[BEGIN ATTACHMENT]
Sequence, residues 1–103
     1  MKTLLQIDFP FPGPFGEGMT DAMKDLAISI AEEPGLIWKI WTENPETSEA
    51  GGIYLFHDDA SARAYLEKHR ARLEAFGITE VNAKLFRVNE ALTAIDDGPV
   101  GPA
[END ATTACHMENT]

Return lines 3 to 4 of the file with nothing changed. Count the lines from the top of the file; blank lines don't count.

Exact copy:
    51  GGIYLFHDDA SARAYLEKHR ARLEAFGITE VNAKLFRVNE ALTAIDDGPV
   101  GPA